ADD – ADHD

Attention deficit disorders with or without hyperactivity
  

Attention deficit – with or without hyperactivity – is a disorder that disrupts academic learning.

There are three manifestations of attention deficit:

  • Attention Deficit Disorder/Mixed Hyperactivity Disorder
  • Attention deficit disorder/hyperactivity type predominant inattention
  • Attention deficit/hyperactivity disorder type hyperactivity-predominant impulsivity

Children with ADHD (attention deficit disorder with or without hyperactivity) have difficulty concentrating and performing complex tasks. This attention deficit is frequently accompanied by neurological hyperactivity.

  

The main symptoms in children are as follows:

Inattention

  • difficulty in staying focused on a task for a long time (fatigability)
  • signs of inattention, “head in the clouds” attitude, difficulty listening when talking to him
  • frequent mistakes of carelessness (forgetting math deductions, forgetting spelling agreements, etc.)
  • general disorganization (at home and in the classroom)
  • frequent loss and omission of material or personal belongings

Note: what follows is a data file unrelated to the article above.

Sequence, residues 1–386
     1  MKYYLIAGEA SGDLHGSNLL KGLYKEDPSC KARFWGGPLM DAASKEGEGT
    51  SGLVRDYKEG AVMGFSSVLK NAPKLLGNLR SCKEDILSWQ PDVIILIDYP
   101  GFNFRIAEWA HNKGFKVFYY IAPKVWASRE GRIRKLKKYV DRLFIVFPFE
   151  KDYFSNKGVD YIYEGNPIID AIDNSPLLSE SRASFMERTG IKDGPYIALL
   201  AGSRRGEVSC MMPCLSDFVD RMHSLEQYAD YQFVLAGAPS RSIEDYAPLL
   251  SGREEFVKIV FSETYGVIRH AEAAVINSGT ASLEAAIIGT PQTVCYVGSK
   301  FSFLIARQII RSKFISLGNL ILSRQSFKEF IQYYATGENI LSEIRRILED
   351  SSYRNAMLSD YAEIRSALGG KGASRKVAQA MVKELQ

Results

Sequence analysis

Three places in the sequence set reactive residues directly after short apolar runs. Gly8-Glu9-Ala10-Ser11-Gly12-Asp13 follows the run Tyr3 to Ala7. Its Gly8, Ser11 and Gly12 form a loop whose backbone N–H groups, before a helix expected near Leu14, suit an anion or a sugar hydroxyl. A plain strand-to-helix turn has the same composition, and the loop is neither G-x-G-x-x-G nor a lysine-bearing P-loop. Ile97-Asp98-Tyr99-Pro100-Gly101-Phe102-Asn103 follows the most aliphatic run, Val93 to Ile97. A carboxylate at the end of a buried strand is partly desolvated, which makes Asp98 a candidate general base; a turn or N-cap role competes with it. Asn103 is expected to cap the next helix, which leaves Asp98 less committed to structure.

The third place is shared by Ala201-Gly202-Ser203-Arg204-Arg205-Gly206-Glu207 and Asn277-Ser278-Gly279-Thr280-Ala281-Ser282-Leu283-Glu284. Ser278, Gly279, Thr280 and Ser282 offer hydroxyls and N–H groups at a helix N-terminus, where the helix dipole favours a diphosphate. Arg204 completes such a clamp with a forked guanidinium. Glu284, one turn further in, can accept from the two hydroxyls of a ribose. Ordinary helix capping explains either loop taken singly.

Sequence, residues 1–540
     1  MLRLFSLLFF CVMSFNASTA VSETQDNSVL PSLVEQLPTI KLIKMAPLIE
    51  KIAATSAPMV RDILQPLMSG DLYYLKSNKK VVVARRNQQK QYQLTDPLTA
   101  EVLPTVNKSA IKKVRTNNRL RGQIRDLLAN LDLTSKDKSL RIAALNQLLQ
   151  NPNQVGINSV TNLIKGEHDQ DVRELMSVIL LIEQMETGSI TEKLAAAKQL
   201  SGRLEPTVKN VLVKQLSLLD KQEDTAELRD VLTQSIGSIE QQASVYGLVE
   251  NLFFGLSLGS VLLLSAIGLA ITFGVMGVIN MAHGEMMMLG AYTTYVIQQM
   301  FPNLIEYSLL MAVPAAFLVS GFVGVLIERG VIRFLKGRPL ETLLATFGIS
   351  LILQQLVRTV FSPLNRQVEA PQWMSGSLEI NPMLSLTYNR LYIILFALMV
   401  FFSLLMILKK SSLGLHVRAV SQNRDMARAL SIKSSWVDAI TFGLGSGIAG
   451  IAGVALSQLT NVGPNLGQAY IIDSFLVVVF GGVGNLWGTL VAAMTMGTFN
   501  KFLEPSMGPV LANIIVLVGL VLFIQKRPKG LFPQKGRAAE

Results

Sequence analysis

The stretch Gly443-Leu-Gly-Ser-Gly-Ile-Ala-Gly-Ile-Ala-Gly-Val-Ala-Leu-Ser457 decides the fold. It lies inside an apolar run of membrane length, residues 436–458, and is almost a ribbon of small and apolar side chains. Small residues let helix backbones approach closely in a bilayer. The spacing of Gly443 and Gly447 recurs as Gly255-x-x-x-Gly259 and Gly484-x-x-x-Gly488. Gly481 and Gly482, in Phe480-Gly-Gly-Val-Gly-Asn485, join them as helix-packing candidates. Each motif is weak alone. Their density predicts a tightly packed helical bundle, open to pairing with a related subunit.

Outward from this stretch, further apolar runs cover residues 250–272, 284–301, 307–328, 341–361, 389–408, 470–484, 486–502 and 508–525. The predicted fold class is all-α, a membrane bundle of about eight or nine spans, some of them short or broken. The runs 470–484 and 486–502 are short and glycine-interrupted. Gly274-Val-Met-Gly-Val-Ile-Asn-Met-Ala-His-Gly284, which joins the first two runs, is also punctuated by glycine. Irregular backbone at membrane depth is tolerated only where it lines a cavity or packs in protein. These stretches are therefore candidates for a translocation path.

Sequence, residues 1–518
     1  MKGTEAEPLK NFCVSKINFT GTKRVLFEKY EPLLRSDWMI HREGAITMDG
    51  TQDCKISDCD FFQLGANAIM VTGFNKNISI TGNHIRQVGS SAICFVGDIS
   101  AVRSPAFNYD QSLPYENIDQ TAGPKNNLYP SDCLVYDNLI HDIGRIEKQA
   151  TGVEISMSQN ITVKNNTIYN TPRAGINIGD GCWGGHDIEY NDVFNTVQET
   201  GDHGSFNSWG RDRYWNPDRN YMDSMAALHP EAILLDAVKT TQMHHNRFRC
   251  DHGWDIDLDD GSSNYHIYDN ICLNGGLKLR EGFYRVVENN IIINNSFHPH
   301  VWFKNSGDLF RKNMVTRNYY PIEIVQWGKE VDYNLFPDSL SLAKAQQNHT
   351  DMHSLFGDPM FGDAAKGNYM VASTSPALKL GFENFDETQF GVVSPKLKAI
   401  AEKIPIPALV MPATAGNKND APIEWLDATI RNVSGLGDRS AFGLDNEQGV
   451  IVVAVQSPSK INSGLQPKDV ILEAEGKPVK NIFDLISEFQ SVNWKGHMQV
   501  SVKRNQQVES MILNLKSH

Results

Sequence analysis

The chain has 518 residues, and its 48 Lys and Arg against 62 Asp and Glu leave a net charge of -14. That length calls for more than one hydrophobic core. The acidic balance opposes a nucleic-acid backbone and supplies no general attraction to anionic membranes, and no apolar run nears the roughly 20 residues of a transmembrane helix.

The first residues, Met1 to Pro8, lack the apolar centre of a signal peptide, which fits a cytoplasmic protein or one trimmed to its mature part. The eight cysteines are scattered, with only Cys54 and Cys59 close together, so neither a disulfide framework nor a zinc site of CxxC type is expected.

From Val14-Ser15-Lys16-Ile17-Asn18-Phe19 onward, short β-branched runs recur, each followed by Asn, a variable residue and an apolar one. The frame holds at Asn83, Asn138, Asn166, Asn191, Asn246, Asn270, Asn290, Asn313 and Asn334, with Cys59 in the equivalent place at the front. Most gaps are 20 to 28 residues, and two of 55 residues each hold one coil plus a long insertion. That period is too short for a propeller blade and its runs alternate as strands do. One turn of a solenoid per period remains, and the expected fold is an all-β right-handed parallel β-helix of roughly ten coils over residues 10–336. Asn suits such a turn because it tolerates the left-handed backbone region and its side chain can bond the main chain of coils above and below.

• ease of being distracted from work (sensitivity to interference)
  • difficulty in following specific instructions and selecting relevant information
  • poor ability to perform several tasks at the same time (listening and taking notes)
  • difficulty getting to work and lack of perseverance
  • tendency to get lost, to misidentify in space and time

Impulsivity

Children with ADHD tend to act or talk before they think. They often lack patience; they do not read the problem statements carefully or listen to the instructions until the end, before embarking on the work required.

Hyperactivity

Hyperactive children have great difficulty staying physically quiet and/or silent. They do not have much control over themselves and do not easily learn from the mistakes made by their hyperactivity.

Hyperactivity is frequently accompanied by attention deficit.

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En relation avec le sujet

Une personne est dite à « haut potentiel » (HP) lorsqu’il a un rythme de développement intellectuel nettement supérieur à la moyenne de son âge. On parle aussi de « surdoués ».

Cette particularité va influencer leur vie dans tous ses aspects (scolaire, social, familial et professionnel).

Les Hauts Potentiels (HP)

La dyslexie, dysorthographie, dysgraphie ou dyscalculie etc…

ne sont pas des phénomènes nouveaux et pourtant il semble que leur problématique commence à inquiéter de plus en plus les écoles qui ont du mal à trouver des solutions concrètes.

Les enfants DYS

Comment gérer les accès aux écrans pour nos enfants ? Quelles sont les règles à adopter ? Quelles sont les limites à respecter ? A quel moment votre enfant devient-il « accro » aux écrans ? Addiction moderne ou virtuelle ? Comment qualifier ce phénomène qui prend de plus en plus d’ampleur ?

Les addictions